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The execution-style killings of eight people in rural Pike County in April captivated the state and the country. For months, investigators have searched for answers.
Here's a look at the scene in Pike County and the aftermath.
Residents of this rural Appalachian community spent Saturday in a state of shock and fear after the execution-style killings of eight people, as law enforcement continued its investigation for a motive and the person or persons who committed the slayings.
The series of events in Pike County, presented in an interactive timeline.
As funeral arrangements were announced Wednesday for the first of eight members of a Pike County family found murdered in their homes last week, state and local officials braced the public for a massive and lengthy investigation to find the killers.
“This is an old fashioned, cold-blooded, calculated massacre of eight human beings,” said Ohio Attorney General Mike DeWine
A look at the eight victims of what Ohio Attorney General Mike DeWine called the “execution style” murders at four locations in Pike County on April 22.
Whether or not drug cartels were involved in the deaths of eight Pike County family members last month, they are active in southern Ohio, where three Mexican cartels have been tied to the distribution of heroin, cocaine, marijuana and methamphetamine.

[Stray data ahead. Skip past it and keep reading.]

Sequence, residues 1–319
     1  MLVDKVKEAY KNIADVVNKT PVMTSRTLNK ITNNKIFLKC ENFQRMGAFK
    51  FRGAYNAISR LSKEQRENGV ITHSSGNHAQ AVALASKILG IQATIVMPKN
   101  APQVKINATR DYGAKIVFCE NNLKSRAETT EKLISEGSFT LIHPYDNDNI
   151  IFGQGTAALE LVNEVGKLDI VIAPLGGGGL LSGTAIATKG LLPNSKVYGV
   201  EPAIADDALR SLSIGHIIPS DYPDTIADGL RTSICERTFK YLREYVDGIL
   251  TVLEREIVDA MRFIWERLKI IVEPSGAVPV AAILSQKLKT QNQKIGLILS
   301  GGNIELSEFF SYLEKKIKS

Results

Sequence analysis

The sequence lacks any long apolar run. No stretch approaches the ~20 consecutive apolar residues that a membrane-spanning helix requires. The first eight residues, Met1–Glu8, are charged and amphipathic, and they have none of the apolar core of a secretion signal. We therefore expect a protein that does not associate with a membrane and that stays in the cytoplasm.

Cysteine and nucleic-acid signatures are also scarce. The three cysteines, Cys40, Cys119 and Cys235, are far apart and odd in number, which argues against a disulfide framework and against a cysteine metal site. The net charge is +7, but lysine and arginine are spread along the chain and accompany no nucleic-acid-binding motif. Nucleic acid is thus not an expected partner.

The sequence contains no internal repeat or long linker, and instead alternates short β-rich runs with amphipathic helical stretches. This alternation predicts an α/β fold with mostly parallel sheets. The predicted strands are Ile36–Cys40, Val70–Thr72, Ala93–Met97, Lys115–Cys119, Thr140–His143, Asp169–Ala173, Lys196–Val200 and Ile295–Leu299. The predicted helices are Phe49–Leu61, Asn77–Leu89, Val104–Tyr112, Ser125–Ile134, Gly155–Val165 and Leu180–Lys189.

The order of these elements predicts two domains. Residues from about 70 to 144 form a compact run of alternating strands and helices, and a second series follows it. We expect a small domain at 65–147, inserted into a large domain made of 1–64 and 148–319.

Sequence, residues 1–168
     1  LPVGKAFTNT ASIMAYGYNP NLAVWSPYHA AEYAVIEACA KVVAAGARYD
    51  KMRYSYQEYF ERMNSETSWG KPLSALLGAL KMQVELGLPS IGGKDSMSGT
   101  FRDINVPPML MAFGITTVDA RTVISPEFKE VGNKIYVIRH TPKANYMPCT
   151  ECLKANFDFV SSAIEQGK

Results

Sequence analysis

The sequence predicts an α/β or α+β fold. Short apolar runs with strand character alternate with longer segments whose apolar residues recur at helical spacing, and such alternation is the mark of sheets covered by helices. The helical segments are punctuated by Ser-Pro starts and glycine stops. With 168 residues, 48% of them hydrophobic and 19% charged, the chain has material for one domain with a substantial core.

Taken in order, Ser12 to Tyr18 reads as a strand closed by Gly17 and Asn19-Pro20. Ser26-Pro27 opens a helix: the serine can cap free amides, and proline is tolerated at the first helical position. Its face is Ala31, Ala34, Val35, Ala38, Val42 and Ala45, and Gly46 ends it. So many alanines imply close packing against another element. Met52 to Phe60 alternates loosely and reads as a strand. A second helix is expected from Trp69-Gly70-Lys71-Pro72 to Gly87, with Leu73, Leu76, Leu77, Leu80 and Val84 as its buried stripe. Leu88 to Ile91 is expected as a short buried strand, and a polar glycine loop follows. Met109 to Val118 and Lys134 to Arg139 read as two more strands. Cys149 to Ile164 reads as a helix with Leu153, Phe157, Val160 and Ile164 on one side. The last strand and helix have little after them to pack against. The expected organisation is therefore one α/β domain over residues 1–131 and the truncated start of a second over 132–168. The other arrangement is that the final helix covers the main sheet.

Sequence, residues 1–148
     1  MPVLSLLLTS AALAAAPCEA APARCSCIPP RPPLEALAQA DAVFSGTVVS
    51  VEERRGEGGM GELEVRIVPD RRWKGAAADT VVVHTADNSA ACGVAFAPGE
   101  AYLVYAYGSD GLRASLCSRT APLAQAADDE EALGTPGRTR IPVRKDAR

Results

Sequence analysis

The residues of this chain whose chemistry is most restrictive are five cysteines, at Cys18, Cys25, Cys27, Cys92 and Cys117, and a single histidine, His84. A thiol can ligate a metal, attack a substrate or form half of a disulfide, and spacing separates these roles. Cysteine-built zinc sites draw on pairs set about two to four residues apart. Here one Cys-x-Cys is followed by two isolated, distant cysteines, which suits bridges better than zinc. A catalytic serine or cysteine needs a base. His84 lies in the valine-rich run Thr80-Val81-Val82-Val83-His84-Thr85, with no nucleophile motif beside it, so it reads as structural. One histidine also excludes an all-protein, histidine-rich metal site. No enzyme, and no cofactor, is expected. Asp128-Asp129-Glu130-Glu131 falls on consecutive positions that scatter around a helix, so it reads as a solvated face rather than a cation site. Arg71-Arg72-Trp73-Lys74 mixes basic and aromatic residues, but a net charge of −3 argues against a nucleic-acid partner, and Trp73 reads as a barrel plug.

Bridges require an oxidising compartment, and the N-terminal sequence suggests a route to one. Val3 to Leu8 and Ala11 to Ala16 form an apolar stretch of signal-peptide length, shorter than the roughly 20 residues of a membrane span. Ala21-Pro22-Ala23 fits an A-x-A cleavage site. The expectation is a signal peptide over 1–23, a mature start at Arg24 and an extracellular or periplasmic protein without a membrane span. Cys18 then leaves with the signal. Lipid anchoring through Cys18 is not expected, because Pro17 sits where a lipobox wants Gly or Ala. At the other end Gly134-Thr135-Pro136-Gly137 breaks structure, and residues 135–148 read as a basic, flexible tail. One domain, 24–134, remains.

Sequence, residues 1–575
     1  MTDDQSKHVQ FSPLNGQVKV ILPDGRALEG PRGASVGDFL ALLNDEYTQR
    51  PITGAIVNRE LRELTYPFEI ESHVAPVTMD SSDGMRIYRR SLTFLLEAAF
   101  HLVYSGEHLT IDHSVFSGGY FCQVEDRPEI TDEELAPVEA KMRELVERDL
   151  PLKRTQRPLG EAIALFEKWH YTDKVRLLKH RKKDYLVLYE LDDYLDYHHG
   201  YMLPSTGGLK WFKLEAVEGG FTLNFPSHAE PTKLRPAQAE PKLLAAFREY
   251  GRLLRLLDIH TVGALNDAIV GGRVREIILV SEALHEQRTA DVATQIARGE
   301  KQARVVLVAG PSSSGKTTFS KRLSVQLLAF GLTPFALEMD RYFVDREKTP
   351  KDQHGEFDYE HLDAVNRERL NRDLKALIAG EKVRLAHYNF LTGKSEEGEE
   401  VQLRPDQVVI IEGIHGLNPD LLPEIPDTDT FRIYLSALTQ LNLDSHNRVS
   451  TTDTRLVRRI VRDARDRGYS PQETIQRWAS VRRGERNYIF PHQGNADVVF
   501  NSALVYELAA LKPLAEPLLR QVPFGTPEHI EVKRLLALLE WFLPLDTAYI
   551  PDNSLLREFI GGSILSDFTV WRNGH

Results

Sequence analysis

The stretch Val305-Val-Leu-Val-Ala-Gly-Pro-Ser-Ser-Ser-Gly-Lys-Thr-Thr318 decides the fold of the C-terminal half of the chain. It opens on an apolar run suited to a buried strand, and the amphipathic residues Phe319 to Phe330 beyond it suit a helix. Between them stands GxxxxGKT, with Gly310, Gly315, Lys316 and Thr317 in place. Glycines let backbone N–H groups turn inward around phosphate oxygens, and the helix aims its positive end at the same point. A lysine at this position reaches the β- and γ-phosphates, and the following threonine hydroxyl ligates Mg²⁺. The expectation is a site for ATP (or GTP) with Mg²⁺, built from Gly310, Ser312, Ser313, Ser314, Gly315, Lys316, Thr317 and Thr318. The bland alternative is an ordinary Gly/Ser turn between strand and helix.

These wooded hills have seen more than their share of death and illegal drugs.
Last summer, the nation’s attention was gripped by the heroin-linked deaths and disappearances of six women from the city of Chillicothe. Now there is a manhunt underway for whomever executed eight members of a Pike County family.
Both tragedies have drawn national and international media attention to a poverty-stricken part of the state that is now plagued by drug overdoses, unsolved deaths and unanswered questions.
Six months later, these wooded hills are holding tight to their secrets.
Neighbors say it’s much quieter on Union Hill Road than it was when Chris Rhoden Sr. and his family raised fighting roosters, bred dogs and salvaged cars for sale. Chris Jr. would tear up and down the road on a four-wheeler.
The mobile homes where the father and son and six members of their family were found shot to death April 22 are warehoused, along with dozens of vehicles, at a chemical plant outside of nearby Waverly.
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